The Scotsman Sessions #372: Ellen Renton
Ellen Renton says poetry is at the core of everything she does, but she also loves to take poetry with her on adventures in other art forms. This spring, her first photography exhibition, If You’ve Seen It, You Haven’t Seen It, at Edinburgh’s Agitate Gallery, put poetry alongside photography. She is currently writing and helping to direct a theatre piece featuring poetry and movement with Stellar Quines.
“Poetry is quite a vague thing to define,” she says, thoughtfully. “It’s fun to take advantage of that and see what it looks like beside other things. I love to work with people who work in other forms, to see how they work, what we can bring out of each other’s work.”
Raised in Edinburgh, Renton began her poetry career in the vibrant spoken word scene in Glasgow in 2015 and 2016. She was one of the co-founders of poetry theatre company In The Works, which “opened me up to the different things poetry can exist beside: visual art, theatre, music”.
For In The Works, she wrote and performed her own show, Within Sight, about a runner with albinism, which premiered at the Scottish Storytelling Centre in October 2019 and was due to tour Scotland in 2020, before plans were halted by the pandemic. It was later developed as a film.
As a visually impaired artist, she makes work which thoughtfully questions common assumptions about sight. “Being visually impaired, I always felt that I see differently to everyone else, rather than acknowledging that no one’s sight is infallible, and maybe what is seen should not be equated to truth in the way our culture assumes.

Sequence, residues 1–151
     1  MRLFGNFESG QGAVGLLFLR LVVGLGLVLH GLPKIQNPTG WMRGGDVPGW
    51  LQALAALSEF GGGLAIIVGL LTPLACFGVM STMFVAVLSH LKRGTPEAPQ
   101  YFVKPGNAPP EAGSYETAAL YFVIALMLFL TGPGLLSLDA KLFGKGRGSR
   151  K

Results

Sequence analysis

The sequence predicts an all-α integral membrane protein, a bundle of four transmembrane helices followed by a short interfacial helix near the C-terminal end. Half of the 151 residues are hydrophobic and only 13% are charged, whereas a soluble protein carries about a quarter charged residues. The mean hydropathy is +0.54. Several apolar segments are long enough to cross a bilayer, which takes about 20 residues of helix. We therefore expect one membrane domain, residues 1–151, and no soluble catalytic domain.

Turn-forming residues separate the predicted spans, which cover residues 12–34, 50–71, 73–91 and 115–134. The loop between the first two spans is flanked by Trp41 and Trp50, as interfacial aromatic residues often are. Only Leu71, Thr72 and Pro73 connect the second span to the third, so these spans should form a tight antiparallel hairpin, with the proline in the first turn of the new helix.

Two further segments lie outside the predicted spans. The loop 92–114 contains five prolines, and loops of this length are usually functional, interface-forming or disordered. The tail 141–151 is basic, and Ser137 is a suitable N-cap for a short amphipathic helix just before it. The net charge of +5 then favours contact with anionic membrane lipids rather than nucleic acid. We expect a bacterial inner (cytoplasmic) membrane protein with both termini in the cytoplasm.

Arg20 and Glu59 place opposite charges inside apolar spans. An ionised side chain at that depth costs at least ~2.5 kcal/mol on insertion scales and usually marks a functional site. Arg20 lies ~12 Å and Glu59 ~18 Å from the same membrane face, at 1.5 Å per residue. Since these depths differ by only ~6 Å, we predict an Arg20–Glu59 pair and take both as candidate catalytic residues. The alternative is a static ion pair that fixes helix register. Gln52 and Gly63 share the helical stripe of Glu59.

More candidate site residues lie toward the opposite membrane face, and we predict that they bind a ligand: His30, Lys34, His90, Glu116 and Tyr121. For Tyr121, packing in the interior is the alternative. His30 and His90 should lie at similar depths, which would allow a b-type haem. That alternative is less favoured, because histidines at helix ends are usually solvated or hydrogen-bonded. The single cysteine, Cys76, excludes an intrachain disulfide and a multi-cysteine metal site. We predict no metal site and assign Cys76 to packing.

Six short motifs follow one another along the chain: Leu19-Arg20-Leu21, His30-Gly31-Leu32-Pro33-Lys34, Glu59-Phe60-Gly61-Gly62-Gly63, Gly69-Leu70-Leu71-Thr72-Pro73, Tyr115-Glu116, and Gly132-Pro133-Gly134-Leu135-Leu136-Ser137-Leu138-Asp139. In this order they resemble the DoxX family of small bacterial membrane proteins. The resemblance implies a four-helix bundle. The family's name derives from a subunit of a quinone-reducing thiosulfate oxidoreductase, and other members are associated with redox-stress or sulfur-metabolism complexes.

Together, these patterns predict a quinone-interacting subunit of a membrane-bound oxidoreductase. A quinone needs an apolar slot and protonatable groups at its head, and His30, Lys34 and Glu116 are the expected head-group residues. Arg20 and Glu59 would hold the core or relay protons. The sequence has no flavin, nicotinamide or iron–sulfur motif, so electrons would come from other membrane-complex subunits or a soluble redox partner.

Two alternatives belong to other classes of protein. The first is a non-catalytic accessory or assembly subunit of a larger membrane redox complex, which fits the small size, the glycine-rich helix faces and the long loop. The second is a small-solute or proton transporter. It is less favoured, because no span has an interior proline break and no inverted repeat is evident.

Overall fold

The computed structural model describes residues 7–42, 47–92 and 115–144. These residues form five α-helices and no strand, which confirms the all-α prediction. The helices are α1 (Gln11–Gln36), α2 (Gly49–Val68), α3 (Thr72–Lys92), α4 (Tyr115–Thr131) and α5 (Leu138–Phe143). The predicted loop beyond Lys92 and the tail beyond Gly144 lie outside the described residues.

“There are a lot of concepts that sighted people take for granted: beauty looks very different if you’re visually impaired, trust is very different. I’m still exploring what all these things mean for me.”
Her debut poetry pamphlet, An Eye for An Eye for An Eye, was published by Stewed Rhubarb Press in 2021, and she continues to write poetry for the page and for performance. “I still love that feeling of live performance, having that direct feedback from the audience is very special, but I enjoy both sides of it – if there are separate sides.”
Renton has been the recipient of a Scottish Emerging Writer Residency, and the photography exhibition was the result of a project between Disability Arts Online and the Edwin Morgan Trust. She says she loved exploring Morgan’s archive, and describes his endlessly inventive work as “a helpful reminder than you’ve never tried everything”.
This summer brings the unveiling – at Craigmillar Castle – of another collaboration, And Who’s She When She’s At Home, with visual artist Megan Rudden, inspired by Renton’s great-great grandmother’s time in domestic service, and bringing together poetry, sculpture and music.
And October brings the premiere of Disciples, with Stellar Quines, a show about faith and community which combines poetry and movement, performed by a cast of five disabled women and non-binary people. Renton says: “Sometimes poetry can be an alienating thing, depending on how you encounter it growing up. Putting it alongside other things creates other windows where people can access it.”
And Who’s She When She’s At Home, Craigmillar Castle, Edinburgh, 18 August until 17 September, see https://tinyurl.com/yy23cdtb